© Kyle Cassidy

Jeff VanderMeer is an award-winning novelist and editor, and the author most recently of the New York Times bestselling Southern Reach Trilogy. His fiction has been translated into twenty languages and has appeared in the Library of America’s American Fantastic Tales and multiple year’s-best anthologies. He grew up in the Fiji Islands and now lives in Tallahassee, Florida, with his wife

Borne

Borne

MCD
Paperback
368 pages • $15.00
ISBN: 9780374537654
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A Novel

Jeff VanderMeer

An NEA Big Read Selection 

“VanderMeer’s apocalyptic vision, with its mix of absurdity, horror and grace, can’t be mistaken for that of anyone else. Inventive, engrossing and heartbreaking, Borne finds him at a high point of creative accomplishment.”

San Francisco Chronicle

In Borne, a young woman named Rachel survives as a scavenger in a ruined city half destroyed by drought and conflict. The city is dangerous, littered with discarded experiments from the Company—a biotech firm now derelict—and punished by the unpredictable predations of a giant bear. Rachel ekes out an existence in the shelter of a run-down sanctuary she shares with her partner, Wick, who deals his own homegrown psychoactive biotech. One day, Rachel finds Borne during a scavenging mission and takes him home. Borne as salvage is little more than a green lump— plant or animal?—but exudes a strange charisma. Borne reminds Rachel of the marine life from the island nation of her birth, now lost to rising seas. There is an attachment she resents: in this world any weakness can kill you. Yet, against her instincts—and definitely against Wick’s wishes—Rachel keeps Borne. Borne, learning to speak, learning about the world, is fun to be with, and in a world so broken that innocence is a precious thing. But as Borne grows, he begins to threaten the balance of power in the city and to put the security of her sanctuary with Wick at risk. For the Company, it seems, may not be truly dead, and new enemies are creeping in. What Borne will lay bare to Rachel as he changes is how precarious her existence has been, and how dependent on subterfuge and secrets. In the aftermath, nothing may ever be the same.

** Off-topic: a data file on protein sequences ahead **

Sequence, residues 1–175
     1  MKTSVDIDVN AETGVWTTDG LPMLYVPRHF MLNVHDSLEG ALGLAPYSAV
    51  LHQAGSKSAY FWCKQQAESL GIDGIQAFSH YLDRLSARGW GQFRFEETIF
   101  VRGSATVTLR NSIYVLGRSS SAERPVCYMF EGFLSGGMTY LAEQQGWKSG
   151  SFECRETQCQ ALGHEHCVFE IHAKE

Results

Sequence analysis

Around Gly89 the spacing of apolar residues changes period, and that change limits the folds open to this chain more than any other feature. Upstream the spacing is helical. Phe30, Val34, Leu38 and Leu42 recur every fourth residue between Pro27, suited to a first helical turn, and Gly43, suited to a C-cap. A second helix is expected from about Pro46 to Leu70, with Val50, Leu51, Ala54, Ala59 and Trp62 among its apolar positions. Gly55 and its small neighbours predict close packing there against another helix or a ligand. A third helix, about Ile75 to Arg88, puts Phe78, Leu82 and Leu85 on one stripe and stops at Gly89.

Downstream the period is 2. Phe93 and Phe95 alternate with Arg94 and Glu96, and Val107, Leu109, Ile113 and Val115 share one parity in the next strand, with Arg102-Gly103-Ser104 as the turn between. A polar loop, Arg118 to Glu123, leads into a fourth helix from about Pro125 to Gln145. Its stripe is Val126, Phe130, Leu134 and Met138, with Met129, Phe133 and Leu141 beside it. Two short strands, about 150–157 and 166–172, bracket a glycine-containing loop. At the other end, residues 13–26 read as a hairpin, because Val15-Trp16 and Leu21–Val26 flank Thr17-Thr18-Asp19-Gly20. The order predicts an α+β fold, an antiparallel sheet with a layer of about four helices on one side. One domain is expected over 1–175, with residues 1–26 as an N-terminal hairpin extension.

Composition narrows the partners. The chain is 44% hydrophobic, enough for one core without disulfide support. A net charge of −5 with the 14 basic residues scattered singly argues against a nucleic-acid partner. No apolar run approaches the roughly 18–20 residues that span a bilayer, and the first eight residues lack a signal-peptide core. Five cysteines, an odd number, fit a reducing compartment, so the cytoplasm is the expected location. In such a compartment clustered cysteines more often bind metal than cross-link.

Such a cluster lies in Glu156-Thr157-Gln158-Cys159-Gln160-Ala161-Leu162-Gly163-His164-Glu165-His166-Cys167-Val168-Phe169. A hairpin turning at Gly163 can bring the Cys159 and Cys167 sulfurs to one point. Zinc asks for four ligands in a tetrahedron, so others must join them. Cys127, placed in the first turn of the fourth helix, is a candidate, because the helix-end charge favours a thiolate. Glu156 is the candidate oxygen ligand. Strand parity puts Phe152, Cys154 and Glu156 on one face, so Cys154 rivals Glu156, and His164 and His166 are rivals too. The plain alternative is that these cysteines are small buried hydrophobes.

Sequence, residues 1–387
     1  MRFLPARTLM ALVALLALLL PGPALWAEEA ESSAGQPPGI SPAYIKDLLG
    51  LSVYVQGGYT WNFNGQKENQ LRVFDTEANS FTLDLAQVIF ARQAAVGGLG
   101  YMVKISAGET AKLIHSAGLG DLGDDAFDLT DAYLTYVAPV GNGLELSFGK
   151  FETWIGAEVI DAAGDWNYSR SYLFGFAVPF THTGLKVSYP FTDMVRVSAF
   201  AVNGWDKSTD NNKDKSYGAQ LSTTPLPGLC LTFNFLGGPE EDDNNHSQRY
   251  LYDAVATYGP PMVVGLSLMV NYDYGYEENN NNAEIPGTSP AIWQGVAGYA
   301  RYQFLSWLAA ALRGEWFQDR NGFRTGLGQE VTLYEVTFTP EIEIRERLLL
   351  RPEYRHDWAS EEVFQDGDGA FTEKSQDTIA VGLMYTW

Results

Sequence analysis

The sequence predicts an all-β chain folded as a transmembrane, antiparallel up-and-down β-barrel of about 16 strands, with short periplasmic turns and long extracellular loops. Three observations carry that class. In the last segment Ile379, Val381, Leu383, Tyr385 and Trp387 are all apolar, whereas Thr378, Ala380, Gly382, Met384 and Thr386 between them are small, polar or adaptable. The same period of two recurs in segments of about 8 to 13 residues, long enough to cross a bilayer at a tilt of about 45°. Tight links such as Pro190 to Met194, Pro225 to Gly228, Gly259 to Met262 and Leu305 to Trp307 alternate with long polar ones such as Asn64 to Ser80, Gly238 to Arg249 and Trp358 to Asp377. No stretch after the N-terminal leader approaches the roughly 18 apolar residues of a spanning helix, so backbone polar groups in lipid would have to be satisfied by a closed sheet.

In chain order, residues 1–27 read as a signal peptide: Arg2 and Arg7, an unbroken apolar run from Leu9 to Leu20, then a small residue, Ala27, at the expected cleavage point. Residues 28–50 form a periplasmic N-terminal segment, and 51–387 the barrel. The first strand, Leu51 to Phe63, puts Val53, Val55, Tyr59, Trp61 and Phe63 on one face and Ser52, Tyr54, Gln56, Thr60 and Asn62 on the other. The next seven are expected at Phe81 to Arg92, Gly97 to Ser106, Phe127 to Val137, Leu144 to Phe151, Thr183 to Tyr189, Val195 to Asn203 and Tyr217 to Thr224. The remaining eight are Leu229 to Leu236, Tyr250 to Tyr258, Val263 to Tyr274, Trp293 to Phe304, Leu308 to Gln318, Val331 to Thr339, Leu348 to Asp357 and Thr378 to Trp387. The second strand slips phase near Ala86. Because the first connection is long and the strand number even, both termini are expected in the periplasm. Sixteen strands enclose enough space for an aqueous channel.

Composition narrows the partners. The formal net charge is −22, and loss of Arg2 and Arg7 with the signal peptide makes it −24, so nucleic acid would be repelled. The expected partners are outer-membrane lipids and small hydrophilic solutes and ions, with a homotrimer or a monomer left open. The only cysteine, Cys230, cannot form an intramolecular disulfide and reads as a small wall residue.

© Kyle Cassidy

Jeff VanderMeer is an award-winning novelist and editor, and the author most recently of the New York Times bestselling Southern Reach Trilogy. His fiction has been translated into twenty languages and has appeared in the Library of America’s American Fantastic Tales and multiple year’s-best anthologies. He grew up in the Fiji Islands and now lives in Tallahassee, Florida, with his wife